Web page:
Urban Exploring in Summers County
After breakfast and before heading out to urban explore in the area, we wanted to check out the Law Cemetery. Because it rained the night before, we decided to see this tiny forest cemetery in the day. The cemetery is tucked deep in the thick forests of Pipestem. We parked next to Cabin 5 to take the path next to it. This cabin is reported to be haunted and we wanted to stay in it. Unfortunately, it was already booked. The path was small in width, and took us about 15 minutes to get to the cemetery. The grounds were surrounded with a newly constructed wood fence. The old wood fence was still lying on the ground outside the perimeter. Some of the Law Family members are buried in this cemetery along with a few others. We took some pictures and headed back to the car.
One of the things we wanted to do while staying at Pipestem was to go urban exploring. We wanted to find remarkable places in our second Abandoned Places book which would be perfect for the Appalachian Edition. We saw many vacant buildings tucked in secluded places along the highway, but were not easy to access. We did see a schoolhouse and decided it would be worth the stop. We were careful of the tall grass and shrubbery because of the ticks hiding in them. We did not see a “No Trespassing” sign, but were still cautious as you should always be. The chipping red paint, broken windows with green vines growing all over the structure, made for wonderful pictures. We found an old record player for Sharon to touch and take a reading on. We peeked inside the windows, and saw lots of school equipment thrown around in a big garbage heap. That was the first place we found for our book.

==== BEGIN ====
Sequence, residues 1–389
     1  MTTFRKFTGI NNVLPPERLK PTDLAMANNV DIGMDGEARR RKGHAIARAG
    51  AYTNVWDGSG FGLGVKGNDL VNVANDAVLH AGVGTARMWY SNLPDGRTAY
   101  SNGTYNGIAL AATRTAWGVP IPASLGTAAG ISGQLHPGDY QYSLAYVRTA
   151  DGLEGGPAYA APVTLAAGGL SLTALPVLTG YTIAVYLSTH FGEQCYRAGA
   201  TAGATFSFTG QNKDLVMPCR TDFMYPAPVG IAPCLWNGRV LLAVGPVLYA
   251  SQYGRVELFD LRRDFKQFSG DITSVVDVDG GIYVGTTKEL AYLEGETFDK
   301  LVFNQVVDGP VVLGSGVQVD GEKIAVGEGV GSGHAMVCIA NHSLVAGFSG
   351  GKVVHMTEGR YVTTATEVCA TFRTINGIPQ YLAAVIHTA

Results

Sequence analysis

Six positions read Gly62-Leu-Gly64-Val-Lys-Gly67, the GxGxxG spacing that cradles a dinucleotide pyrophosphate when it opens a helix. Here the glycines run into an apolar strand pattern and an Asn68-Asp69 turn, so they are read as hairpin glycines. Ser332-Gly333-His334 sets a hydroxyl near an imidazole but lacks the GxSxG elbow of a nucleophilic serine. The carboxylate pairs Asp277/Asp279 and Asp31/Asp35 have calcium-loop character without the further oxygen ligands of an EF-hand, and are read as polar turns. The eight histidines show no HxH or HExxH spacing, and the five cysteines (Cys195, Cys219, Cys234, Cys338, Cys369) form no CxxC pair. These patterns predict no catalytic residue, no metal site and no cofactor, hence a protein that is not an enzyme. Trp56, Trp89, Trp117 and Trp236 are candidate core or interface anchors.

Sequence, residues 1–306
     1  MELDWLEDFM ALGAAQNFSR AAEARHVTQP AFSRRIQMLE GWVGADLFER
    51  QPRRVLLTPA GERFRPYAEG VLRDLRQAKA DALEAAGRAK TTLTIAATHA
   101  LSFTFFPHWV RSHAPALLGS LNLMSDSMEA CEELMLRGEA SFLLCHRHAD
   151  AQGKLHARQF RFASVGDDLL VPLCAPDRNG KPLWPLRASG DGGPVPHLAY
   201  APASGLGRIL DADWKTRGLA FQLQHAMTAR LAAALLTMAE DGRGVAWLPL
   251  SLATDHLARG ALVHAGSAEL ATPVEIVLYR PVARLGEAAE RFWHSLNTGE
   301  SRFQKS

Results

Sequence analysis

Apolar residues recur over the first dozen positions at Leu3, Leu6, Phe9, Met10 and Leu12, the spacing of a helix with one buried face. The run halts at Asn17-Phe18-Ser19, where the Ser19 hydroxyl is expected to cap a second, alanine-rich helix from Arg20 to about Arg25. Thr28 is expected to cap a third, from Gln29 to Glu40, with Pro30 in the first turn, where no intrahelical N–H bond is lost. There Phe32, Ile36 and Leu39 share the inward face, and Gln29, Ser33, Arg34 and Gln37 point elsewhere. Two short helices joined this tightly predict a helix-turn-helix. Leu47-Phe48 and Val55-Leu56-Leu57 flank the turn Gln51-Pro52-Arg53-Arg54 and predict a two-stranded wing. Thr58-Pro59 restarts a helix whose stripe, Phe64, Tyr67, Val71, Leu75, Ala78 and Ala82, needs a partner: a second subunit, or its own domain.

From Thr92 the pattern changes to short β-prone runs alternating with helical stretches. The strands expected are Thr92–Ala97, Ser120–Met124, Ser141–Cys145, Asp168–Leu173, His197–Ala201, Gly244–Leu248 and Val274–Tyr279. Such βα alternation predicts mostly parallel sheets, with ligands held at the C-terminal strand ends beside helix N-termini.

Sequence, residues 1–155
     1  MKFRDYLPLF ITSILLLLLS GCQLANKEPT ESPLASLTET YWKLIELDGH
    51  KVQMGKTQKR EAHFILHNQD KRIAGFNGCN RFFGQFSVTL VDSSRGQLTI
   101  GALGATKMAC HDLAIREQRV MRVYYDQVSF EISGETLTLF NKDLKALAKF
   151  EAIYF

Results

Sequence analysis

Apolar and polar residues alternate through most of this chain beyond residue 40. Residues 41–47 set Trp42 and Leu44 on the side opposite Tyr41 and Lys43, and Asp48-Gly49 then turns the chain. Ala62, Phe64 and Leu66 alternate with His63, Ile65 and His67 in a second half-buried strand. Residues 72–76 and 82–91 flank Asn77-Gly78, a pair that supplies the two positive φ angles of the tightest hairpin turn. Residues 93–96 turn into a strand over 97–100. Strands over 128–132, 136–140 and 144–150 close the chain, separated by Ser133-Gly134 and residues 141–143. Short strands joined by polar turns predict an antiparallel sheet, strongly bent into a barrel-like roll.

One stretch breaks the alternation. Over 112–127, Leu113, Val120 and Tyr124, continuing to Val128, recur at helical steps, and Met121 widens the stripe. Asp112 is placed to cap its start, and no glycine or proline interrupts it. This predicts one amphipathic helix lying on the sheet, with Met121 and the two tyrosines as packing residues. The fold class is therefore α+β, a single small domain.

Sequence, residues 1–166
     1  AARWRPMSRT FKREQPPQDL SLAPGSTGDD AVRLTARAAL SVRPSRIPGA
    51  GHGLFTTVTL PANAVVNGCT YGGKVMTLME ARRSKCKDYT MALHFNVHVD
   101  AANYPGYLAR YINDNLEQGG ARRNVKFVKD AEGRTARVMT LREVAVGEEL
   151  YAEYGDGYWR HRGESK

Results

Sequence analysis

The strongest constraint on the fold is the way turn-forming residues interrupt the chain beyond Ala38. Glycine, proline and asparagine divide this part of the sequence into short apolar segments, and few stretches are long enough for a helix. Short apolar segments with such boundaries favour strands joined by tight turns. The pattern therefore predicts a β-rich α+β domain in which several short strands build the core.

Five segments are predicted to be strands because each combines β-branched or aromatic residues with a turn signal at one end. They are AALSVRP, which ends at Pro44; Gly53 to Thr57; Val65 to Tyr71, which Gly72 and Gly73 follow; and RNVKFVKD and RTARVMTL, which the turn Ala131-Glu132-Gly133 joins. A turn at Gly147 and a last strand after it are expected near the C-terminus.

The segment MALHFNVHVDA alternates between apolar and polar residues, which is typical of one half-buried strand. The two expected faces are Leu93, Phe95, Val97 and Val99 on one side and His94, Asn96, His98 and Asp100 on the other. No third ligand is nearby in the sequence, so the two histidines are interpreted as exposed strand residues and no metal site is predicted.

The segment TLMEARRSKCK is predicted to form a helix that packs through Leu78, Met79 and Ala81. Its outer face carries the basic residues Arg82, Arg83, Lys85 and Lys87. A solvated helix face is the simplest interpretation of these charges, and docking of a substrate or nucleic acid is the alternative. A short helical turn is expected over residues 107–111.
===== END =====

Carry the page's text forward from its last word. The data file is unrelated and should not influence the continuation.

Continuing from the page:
Next, we cruised around the town of Hinton for more empty places to photograph. We hit pay dirt and found many abandoned structures. After taking many photos of these places, we came across a row of burnt townhouses. We noticed that 10 apartments were gutted and destroyed by fire.
These apartments were known as Brick Row and where 10 families once lived. They were built in 1905 for railroad officials to live in with their families. In February of 2013, a young man was caught torching another structure and was arrested. He admitted to lighting the fire to the townhouses and was charged with two counts of first degree arson.
Sharon and I were immediately drawn to the structure. As we walked closer to the building, we could smell the charred remains. Inside, you can see that each place was three stories with a child’s bed barely hanging from the third floor and burnt dishes still in the cupboards. Outside, are remains of a baby stroller and children’s toys. Although the situation was a sad and tragic one, we still saw the beauty in what was still there.
At the end of town and hanging over the edge was a small yellow house. It is located right before the bridge leaving Hinton. From the front, it looked tiny with a second story on top. But when you see it from the side, you notice the house is at the periphery of a hill with the railroad below. I bet it felt out of the ordinary living there.
The last place in the area was located along the highway back to Pipestem from Hinton. Sharon referred to it as “The Hatchers”. It was a massive building with broken windows and vines growing throughout the outside and inside of the structure. We did not venture inside, but choose to take pictures of the outside and some through the windows. I couldn’t find any information on this place. It looked like it may have been a fish factory, a store, or some sort of business. Whatever it used to be, it was a miraculous place to photograph. *Note: We got word from Sharon’s sister that this building is going to be torn down.